Renewed calls for a federal online gambling ban in the United States have found their way to the U.S. Department of Justice courtesy of Senators Lindsey Graham (pictured) and Diane Feinstein.
In a November 21st letter sent to U.S. Deputy Attorney General Rod J. Rosenstein, the two high profile lawmakers made a number of false claims in support of online gambling prohibition that were debunked Monday by iGaming legislation analyst Steve Ruddock via Online Poker Report.
The congressional petition contained references to recent Pennsylvania online gambling legislation that was signed into law by Governor Tom Wolf on October 30th, as well as an October 13th iGaming shared liquidity agreement between New Jersey, Nevada and Delaware.
“Pennsylvania has recently enacted legislation authorizing internet gambling, and other states are lined up to follow suit,” stated Graham and Feinstein via their communication with the Department of Justice. “Online casinos are already operating across state lines pursuant to compacts, and states are contemplating opening up their casinos to foreign markets. We fear that unless [the] DOJ promptly revisits its 2011 opinion, our prediction that online casinos could sweep across our country could come to pass.”
The Online Poker Industry Shift Since 2013
While the Sheldon Adelson backed movement for a federal online gambling ban in the U.S. is nothing new, the predicament of the industry has evolved since the first statewide regulated online poker site became a reality on April 30th, 2013.
Although a massive amount of legwork has been put in by legal online poker proponents such as Poker Players Alliance Vice President Rich Muny, lobbying efforts (funded largely by the world’s largest poker site, PokerStars) have progressed slowly while facing harsh criticism a year ago when both Stars and the PPA abruptly removed their support for regulated online poker in California.
Once a shining beacon in the iGaming industry that enjoyed enormous goodwill support from its customers, the PokerStars brand is now viewed by a large portion of the community as little more than a monopolistic entity hell-bent on predatory behavior that maliciously devalues the interests of its business partners and competitors alike.
Big name poker personalities Doug Polk, Joey Ingram, and former sponsored pro Isaac Haxton have been among the most vocal critics of PokerStars parent company The Stars Group (formerly known as Amaya), dismissing the company’s top decision-makers as little more than glorified scam artists after it failed to make good on marketed payout commitments (totaling eight figures USD) to its highest-volume players in late 2015.
Add to that an ongoing criminal insider trading case against former CEO David Baazov, momentum to block the world’s largest poker site from entering California, a recent admission by mega-affiliate iBus Media CEO Jon Squires that PokerNews is majority-owned by The Stars Group (following years of denial to its own reporters whose professional interests were negatively affected), along with TSG business partner Alex Dreyfus’ dismal reputation within the poker community — and you have a recipe for disaster when it comes to PokerStars representing any facet of modern-day communication within the industry it once dominated.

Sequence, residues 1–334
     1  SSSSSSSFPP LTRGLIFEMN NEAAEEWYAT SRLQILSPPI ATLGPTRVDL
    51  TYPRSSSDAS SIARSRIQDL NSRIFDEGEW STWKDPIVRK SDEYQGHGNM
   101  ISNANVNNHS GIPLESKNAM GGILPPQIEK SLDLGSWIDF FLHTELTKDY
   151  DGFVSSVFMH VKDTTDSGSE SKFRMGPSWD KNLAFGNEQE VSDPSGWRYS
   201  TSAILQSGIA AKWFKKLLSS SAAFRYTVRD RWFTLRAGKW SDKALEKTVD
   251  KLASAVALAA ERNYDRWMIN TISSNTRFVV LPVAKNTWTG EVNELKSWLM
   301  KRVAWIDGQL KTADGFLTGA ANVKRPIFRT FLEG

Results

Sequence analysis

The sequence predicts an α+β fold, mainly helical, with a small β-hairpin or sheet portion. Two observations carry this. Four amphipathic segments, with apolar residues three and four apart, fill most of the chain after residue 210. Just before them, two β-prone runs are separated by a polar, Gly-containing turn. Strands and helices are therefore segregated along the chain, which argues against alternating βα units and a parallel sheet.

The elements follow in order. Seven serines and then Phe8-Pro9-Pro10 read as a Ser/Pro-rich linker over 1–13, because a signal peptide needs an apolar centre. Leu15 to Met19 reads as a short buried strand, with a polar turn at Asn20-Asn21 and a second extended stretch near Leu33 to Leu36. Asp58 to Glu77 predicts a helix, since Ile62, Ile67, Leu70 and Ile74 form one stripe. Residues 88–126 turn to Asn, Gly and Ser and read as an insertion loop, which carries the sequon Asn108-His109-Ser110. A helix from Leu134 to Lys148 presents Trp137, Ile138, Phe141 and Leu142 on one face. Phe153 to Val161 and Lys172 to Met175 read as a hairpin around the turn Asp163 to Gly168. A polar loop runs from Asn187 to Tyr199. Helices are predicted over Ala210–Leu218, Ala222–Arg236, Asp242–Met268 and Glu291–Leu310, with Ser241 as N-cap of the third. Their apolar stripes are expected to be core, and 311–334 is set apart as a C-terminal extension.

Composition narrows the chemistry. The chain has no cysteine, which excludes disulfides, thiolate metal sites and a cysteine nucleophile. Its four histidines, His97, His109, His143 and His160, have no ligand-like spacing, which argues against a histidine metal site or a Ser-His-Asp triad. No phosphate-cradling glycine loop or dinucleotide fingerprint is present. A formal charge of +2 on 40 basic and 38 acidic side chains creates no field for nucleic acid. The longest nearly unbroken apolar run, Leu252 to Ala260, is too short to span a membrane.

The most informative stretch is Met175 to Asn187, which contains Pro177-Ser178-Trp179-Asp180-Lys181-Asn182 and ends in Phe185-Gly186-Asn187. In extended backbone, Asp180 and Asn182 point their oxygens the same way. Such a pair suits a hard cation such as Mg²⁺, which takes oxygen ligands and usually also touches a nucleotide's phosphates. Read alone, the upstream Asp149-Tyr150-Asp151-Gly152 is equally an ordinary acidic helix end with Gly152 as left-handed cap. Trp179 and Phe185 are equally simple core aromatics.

Mainstream media appearances by the company’s corporate mouthpieces — even in support of regulated U.S. online poker — would likely be ridiculed in a similar fashion that federal politicians’ efforts to restrict states’ rights are when they lash out against regulated online gambling.
Will Federal Online Gambling Ban Rhetoric Galvanize Poker Media?
Despite the contradictory predicament many poker media columnists currently find themselves in, the possibility remains for a galvanized movement in opposition of a federal online gambling ban in the U.S.
Taking a page from the genuine communication efforts high profile players have put forth in 2017 to spread awareness, media personalities are mobilizing their own creative initiatives to disrupt the status-quo of how online poker and gambling in general is marketed to players of all skill levels across the country.
— Jamie Kerstetter (@JamieKerstetter) November 28, 2017
PokerNews’ own media personalities Sarah Herring (Producer and Presenter) and Chad Holloway (Mid-States Poker Tour Media Director) have both surpassed 10,000 followers on Twitter in 2017 via bonafide industry promotion, while their iBus Media overseer Squires remains close to 500 and spends most of his social media currency on spreading polarizing tidbits that do nothing to benefit online gambling.
If a competent option to PokerStars asserts itself within the U.S. in 2018, a critical mass of media representatives could latch-on to the momentum and swiftly overtake The Stars Group’s authority in lieu of a competing operator.
And while that might go against executives’ eel-like grip on talent-burying, it just might set up a scenario in which gamblers across the nation realize they have a viable alternative to having their intelligence insulted by conglomerate narratives.
The time is ripe for innovation in the fight to prevent a federal online gambling ban in the United States.
Author’s Note: The views expressed in this article belong solely to the columnist and do not necessary reflect the opinions of PartTimePoker, operators, players, or members of the poker media.
SOCIAL MEDIA CONSIDERATION (TWITTER)
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